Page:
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15.10.09

How To Plant Iris Rhizomes In Your Garden

This past weekend I transplanted a few clumps of "black" bearded irises in my garden. The first time I planted iris rhizomes I thought they were planted similar to canna rhizomes and planted them too deep in the soil. A couple of clumps of iris rhizomes never bloomed and some bloomed only sporadically over the next few years. While reading a garden book one day I learned that the reason for the poor flower production was probably due to planting the rhizomes too deep.

Black Bearded Iris flower


'black' iris growing in my urban garden. How to Plant Iris Rhizomes in Your Garden.


bearded iris rhizomes, how to plant irises in your gardenbearded iris divisions ready for re-planting in the garden.

When I dug up and divided these iris rhizomes I found that I had a problem with the iris borer that was bigger than I had estimated this past summer while doing some inspections in the garden. After tossing away the rhizomes that were infected by this pest I cut down the leaves to make sure any iris borer larvae that remained had less places to overwinter.

How to plant Bearded IrisWhile replanting these I made sure the exposed rhizomes were facing south to receive as much sun as possible. I placed them on small mounds above the soil level as recommended, and spread the roots out to give them space to grow.

How to plant bearded iris rhizomes and bulbsA side view to illustrate the soil mounds mentioned above. See how they raise the iris rhizomes higher than the ground? Make the mounds a good height because the soil will settle when you water or it rains and if they sink below a couple of inches they may rot. If you're planting them in a low spot in your garden where water is prone to pool, make your mounds even higher to accommodate any settling.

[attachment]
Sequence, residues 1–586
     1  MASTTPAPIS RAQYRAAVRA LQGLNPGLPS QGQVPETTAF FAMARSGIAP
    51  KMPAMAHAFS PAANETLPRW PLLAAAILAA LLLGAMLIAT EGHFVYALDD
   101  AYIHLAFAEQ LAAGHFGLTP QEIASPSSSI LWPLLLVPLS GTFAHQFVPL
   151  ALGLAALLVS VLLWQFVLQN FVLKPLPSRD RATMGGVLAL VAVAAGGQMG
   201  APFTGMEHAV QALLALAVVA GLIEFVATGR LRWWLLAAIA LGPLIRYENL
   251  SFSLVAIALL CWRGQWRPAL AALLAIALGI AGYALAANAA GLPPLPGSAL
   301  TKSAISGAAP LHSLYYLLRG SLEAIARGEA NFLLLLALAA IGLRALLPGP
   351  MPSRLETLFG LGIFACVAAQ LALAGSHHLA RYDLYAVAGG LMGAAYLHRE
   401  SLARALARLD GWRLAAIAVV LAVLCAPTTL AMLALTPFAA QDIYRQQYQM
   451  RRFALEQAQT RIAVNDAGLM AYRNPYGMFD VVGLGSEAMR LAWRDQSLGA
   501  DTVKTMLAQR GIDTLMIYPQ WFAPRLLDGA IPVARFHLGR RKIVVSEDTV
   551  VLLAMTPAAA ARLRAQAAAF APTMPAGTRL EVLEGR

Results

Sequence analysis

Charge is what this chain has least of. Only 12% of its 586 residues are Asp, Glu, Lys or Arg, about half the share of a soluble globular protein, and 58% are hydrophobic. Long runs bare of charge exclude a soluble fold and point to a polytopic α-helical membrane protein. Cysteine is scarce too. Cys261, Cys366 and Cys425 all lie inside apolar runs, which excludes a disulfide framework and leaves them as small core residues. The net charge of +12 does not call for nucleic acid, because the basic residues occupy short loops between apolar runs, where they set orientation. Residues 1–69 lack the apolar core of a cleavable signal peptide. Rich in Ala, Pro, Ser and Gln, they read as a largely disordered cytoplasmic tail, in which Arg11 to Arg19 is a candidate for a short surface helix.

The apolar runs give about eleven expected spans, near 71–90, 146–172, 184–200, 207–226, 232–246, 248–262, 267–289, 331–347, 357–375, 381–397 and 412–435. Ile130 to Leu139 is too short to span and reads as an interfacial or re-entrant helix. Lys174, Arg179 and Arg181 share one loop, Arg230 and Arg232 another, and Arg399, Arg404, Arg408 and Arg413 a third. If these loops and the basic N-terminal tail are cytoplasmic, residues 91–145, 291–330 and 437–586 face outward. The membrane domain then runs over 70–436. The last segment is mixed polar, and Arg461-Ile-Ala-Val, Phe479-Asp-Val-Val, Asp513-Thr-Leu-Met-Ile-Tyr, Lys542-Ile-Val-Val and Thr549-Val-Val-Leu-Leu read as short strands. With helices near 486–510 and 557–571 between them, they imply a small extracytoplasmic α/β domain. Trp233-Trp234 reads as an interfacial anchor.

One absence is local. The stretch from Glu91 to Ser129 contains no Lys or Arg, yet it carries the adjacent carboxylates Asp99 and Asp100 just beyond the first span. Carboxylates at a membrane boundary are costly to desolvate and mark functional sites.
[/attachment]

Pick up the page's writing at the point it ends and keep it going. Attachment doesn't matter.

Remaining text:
How to plant Iris bulbs and rhizomesOnce the rhizomes were positioned properly, I filled the area with garden soil making sure to cover the roots and leave just the rhizome divisions exposed.

The best time to plant bearded irises in your garden is July-September, because this gives them time to become established before winter and bloom the following spring. When I first planted the single rhizome that all of these, there's more than what's pictured here, came from I planted it in the fall because that's when I bought it and it bloomed the following spring. Irises are such low-maintenance perennials, perfect for beginner gardeners, that I recommend everyone should grow some.

Bearded Iris pest, Iris Leaf BorerLarvae of the iris borer that I found this summer in my garden. If you notice your iris rhizomes are rotting you may have some of these pests attacking your iris clumps.

23 comments:

  1. Very nice post and helpful too.

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  2. Love those Black Iris but wish you'd put a warning before the photo of the Iris Borer, Mr Brown Thumb! Haven't seen one in a decade but the sight can still make me queasy.